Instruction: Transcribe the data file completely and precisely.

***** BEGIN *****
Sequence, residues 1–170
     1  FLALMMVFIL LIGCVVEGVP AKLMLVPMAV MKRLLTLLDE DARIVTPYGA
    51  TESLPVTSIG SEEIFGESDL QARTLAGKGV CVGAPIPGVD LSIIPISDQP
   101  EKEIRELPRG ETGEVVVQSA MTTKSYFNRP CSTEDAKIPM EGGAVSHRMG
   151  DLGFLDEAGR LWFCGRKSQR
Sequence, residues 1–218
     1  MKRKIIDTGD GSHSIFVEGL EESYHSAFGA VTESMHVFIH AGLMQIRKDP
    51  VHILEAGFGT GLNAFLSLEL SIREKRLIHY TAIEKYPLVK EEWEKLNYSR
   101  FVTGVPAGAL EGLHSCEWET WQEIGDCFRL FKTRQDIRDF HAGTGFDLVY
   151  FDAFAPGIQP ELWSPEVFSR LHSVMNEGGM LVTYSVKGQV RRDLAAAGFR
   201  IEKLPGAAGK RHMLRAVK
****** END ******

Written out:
Sequence, residues 1–170
     1  FLALMMVFIL LIGCVVEGVP AKLMLVPMAV MKRLLTLLDE DARIVTPYGA
    51  TESLPVTSIG SEEIFGESDL QARTLAGKGV CVGAPIPGVD LSIIPISDQP
   101  EKEIRELPRG ETGEVVVQSA MTTKSYFNRP CSTEDAKIPM EGGAVSHRMG
   151  DLGFLDEAGR LWFCGRKSQR
Sequence, residues 1–218
     1  MKRKIIDTGD GSHSIFVEGL EESYHSAFGA VTESMHVFIH AGLMQIRKDP
    51  VHILEAGFGT GLNAFLSLEL SIREKRLIHY TAIEKYPLVK EEWEKLNYSR
   101  FVTGVPAGAL EGLHSCEWET WQEIGDCFRL FKTRQDIRDF HAGTGFDLVY
   151  FDAFAPGIQP ELWSPEVFSR LHSVMNEGGM LVTYSVKGQV RRDLAAAGFR
   201  IEKLPGAAGK RHMLRAVK